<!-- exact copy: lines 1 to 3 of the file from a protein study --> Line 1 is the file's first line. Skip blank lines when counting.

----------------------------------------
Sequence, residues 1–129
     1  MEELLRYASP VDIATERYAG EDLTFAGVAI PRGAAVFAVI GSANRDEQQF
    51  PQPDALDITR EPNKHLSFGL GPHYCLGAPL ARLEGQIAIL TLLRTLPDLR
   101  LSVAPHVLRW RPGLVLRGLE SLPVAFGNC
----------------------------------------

Sequence, residues 1–129
     1  MEELLRYASP VDIATERYAG EDLTFAGVAI PRGAAVFAVI GSANRDEQQF
    51  PQPDALDITR EPNKHLSFGL GPHYCLGAPL ARLEGQIAIL TLLRTLPDLR